It was the second week of TechStars and I was doing office hours with each of the 11 teams going through the Boulder 2010 program. I was sitting across the table from Adam Wilson and Ian Bernstein who each looked tired and dejected. In front of them were three slides.
I asked them what was wrong. They said they were having trouble deciding which of three different products to pursue. They’d had a dozen meetings with different mentors and were getting wildly conflicting data, which we refer to in TechStars as “mentor whiplash” and is a normal part of the first 30 days of TechStars for every team.
A few weeks earlier, Adam and Ian had their company Gearbox accepted into TechStars. They were hardware / software / robotics nerds and loved to tinker around. Their TechStars application and video had something to do with robots and their crazy desire to stay up all night hacking on them. When I’d last seen them a few weeks earlier, they were full of energy and life. Now they just looked defeated.
“Tell me about each of the ideas.” I asked. Adam started with the first one. “It’s a door lock controlled by your smartphone. The door lock market is really big.” said Adam in the most deadpan monotone voice I’ve ever heard.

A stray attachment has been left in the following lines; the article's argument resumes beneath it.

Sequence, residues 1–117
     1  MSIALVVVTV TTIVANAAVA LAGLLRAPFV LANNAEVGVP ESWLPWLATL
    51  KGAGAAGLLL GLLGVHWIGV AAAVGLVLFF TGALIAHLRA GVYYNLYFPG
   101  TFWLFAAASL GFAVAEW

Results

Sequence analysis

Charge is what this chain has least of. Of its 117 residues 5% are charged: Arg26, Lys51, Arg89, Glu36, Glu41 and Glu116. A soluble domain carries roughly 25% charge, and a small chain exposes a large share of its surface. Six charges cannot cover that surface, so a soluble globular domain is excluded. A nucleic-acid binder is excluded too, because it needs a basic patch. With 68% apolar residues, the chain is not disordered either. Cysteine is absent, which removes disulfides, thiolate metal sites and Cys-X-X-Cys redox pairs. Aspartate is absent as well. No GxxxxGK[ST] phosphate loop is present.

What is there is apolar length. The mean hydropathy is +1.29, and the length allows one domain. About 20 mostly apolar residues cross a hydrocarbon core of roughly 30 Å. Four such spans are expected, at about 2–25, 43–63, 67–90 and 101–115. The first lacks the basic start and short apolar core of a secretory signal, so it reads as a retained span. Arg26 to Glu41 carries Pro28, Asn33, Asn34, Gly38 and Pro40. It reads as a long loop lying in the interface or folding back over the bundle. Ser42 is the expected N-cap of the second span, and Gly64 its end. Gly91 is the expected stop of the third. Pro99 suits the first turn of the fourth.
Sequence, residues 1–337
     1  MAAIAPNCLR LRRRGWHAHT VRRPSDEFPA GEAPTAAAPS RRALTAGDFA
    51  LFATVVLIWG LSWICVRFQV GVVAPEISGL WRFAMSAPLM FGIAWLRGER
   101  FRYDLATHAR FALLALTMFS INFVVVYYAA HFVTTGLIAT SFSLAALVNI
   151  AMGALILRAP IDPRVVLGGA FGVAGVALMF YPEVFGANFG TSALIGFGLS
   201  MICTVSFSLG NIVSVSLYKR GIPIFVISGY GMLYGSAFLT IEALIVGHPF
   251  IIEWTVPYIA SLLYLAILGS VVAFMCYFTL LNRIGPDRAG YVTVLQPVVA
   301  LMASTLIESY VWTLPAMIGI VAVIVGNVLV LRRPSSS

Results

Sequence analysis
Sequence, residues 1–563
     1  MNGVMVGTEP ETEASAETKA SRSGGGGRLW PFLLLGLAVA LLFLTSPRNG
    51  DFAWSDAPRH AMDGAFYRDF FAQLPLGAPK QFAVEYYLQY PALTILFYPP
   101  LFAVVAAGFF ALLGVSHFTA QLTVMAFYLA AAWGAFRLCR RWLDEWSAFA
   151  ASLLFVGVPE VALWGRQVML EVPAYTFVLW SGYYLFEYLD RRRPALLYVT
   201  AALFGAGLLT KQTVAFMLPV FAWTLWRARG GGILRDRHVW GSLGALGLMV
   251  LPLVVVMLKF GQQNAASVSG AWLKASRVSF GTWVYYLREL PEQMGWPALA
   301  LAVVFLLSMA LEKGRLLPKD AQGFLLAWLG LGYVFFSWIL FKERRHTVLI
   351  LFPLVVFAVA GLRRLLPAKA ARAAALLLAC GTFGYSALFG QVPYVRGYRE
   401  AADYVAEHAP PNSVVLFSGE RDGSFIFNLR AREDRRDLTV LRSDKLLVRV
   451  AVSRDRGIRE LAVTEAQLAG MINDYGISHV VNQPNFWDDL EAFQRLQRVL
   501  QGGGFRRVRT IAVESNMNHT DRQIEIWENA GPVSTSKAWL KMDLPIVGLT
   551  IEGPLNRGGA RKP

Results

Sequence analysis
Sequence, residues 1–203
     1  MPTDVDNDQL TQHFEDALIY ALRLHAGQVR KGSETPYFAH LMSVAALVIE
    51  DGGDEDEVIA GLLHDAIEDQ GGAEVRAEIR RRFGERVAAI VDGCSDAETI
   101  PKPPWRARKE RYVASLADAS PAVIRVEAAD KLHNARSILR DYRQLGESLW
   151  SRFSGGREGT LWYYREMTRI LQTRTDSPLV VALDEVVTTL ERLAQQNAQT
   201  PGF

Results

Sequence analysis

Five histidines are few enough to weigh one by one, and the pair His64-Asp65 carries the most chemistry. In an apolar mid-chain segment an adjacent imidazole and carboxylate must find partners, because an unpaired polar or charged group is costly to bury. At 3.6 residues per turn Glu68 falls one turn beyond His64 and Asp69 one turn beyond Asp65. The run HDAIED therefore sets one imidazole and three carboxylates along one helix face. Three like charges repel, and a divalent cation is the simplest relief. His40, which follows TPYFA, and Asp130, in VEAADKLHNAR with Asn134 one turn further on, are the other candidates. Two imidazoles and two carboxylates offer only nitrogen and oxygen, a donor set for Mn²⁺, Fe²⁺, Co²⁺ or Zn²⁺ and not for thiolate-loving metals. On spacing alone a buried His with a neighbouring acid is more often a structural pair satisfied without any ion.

“Ok – what’s the next one?” I asked. Ian mumbled something about the second slide on the table. I don’t even remember what he said.
“What about the third one?” Adam chimed in again, a little more animated this time. “It’s a robotic ball controlled by your smartphone.”
“Why are you having trouble deciding?” I asked. Adam kept going. “Some of the mentors like the door lock market but it seems like a really easy product to create and there are lots of door lock companies. And some don’t like it because it’s not defensible. No one really understands the second idea. And then there’s the ball – some mentors love it and others hate it.”